Aberdeenshire stretches across rugged countryside, a national treasure - the cairngorms, as well as boasting beautiful coastlines. Walkers, hikers and cyclists alike are spoilt for choice when it comes to trails, especially with breathtaking lochs to explore. Picture this - watching the sunset on the calming loch’s waters, or the snow fall creating a winter loch wonderland. Every season is picturesque. If you’re an avid walker or explorer, or like to capture the simple beauty of Aberdeenshire, add these lochs to your next outdoor expedition. What’s more, you can bring your four-legged friend safe in the knowledge that these lochs near Aberdeen are dog-friendly.
Aberdeenshire is full of adventure, historic monuments, culture and rich heritage.
1. Loch Muick
Simply stunning, residing 8 miles southwest of Ballater lies Loch Muick, a freshwater loch near the Cairngorms. This Aberdeenshire loch draws the attention of locals, travellers and tourists alike to enjoy a breath of fresh air in a calming surrounding where every spot is picturesque.
The terrain surrounding the loch is enjoyable and the trail is 12.7km long and will likely take you up to 3 hours as you take in the surroundings, take pictures and navigate around. Sections within the trail can be quite challenging which suits mountain bikers, hikers and avid walkers.
On the western side, you will come across Glas-allt Shield, a hunting lodge which was built for Queen Victoria back in 1868. After the death of Prince Albert, she escaped here to grieve. Another name for this lodge is Widow’s House.
The loch is also home to a variety of wildlife species including red deer and grouse as they romp through the hills. Picture opportunities are endless at Loch Muick and will feature wildlife. Please be mindful and keep your dog on the leash as we don’t want to disturb the natives on the loch.
Image Source: Wikimedia
2. Dubh Loch, Glen Muick
Whilst everyone enjoys the cliffs of Lochnagar and the beauty of Loch Muick, the spectacular beetling Dubh-Loch is often forgotten about. Similarly to Loch Muick, Dubh-Loch is situated within the Balmoral Estate and is an upland loch. The Dubh-Loch path is only 4.5km but worth the wander.
Start your walk at Glas Allt Shiel and then meander through pine forest to the Allt an Dubh-Loch burn where you will hike up the northern slopes of the glen with breathtaking views. The gradient is fairly easy to the Stulan waterfall and then keep walking upward until the path levels out and you see vistas of Dubh-Loch nestling under the northern Munros of Broad Cairn and Cairn Bannoch. Stay tight to the water, over the peaty ground across the sandy beach and admire all the views on offer.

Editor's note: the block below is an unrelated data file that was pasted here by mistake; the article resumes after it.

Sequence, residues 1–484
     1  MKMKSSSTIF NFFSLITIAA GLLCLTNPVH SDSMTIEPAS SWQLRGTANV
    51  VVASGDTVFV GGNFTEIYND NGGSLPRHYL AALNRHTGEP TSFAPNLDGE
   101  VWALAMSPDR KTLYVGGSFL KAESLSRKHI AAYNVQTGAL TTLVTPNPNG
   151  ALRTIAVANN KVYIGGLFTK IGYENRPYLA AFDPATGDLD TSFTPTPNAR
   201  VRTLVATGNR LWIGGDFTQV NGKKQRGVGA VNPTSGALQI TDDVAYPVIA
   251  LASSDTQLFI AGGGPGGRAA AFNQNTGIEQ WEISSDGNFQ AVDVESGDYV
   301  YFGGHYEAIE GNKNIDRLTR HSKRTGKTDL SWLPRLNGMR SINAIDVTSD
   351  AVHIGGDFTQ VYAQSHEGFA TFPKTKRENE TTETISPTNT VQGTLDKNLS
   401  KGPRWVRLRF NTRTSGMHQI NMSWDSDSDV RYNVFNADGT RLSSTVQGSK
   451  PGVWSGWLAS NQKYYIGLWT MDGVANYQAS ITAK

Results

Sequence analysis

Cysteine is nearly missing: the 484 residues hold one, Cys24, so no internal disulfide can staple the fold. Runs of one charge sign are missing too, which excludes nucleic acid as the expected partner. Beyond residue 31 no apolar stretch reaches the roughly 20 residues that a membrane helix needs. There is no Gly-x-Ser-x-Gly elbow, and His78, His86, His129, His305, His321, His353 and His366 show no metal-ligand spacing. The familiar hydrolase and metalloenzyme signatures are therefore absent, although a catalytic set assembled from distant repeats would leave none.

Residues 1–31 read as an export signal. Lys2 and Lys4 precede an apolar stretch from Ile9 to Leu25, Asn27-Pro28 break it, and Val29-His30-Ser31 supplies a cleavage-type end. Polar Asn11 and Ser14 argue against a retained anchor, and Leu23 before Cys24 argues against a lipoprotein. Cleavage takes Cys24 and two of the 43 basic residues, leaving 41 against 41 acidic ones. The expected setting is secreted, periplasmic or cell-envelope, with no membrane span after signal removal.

3. Loch Callater
Embark on a tranquil walk through heathered valleys along Loch Callater trail in Braemar. Embrace the sounds of nature and the breathtaking views as you wander for 15km along a gentle trail where every spot is worth a photograph. Loch Callater is another still freshwater loch in Aberdeenshire. The walk starts at Auchallater, a group of farm buildings and then you cross over the bridge at Callater Burn. Follow the burn downstream where you’ll enjoy the visuals and sounds of small waterfalls and then onto a gentle path that meanders around the loch boasting stunning views.
Don’t forget to pack some light bites or lunch for this trail as when you reach the lodge it’s the perfect spot to refuel, enjoy the views and have a breather. Near the lodges you’ll see a large pyramidal rock by the water’s edge where you can capture beautiful photographs with the cliffs of Creag Leachdach and Tolmount in the background.
Image Source: Wikimedia
4. Loch Davan
Loch Davan is a small and triangular, freshwater loch in Deeside Aberdeenshire. Loch Davan is only 1.21km in length and is said to be formed by a glacial kettle hole. The depth of the loch is around 1.2m / 4 feet and is now part of the Muir of Dinnet National Reserve. As Loch Davan is shallow, you won’t see much wildlife surrounding the loch except pikes, otters and migrating geese. However, you will see various aquatic plants such as shoreweed, willow scrub, horsetails and bulrushes.
Paddle boarding is a popular activity on Loch Davan to explore the serenity of the loch’s surroundings. Walks and trails can be found close to Loch Davan and Loch Kinord including the Burn o’Vat route and Muir of Dinnet viewpoint.
Image Source: Geograph
5. RSPB Loch of Strathbeg
A little further afield, Loch of Strathbeg is a shallow freshwater loch surrounded by dunes, wetland and grassland. This loch is a popular spot for locals and visitors alike due to the bird watching hideaway, aweing beach walks and pond dipping spots for the little ones. Through the winter, the loch becomes home to thousands of geese, swans and ducks, and in spring through summer, you'll be witness to seagulls, terns, ducks and swallows all raising their babies. Plus, otters also make a guest appearance when they are feeling camera ready.
There are numerous viewing points around Loch of Strathbeg including the Visitor Centre, Tower Pool Hide (850m from the centre), Willow Hide (200m from the centre) and Fen and Bay Hides (450 from airfield car park). The beach and dunes are also highly accessible for your visit from either Rattray or St Combs.
The reserve is open and accessible all year round and dogs are welcome to accompany you on your adventure. The visitor centre is also open all year with the exception of Christmas Day and New Years Day. Please, keep your dog on the leash as you explore in line RSPB rules.
Image Source: Wikimedia
Retreat to Aberdeenshire
Following your outdoor expedition by the lochs in Aberdeenshire, escape to our Balmoral Arms where you can sit back, relax, indulge and rest the mind and body. Whether you stay with us overnight or extend your Aberdeenshire adventure, we look forward to welcoming you to our Aberdeenshire home.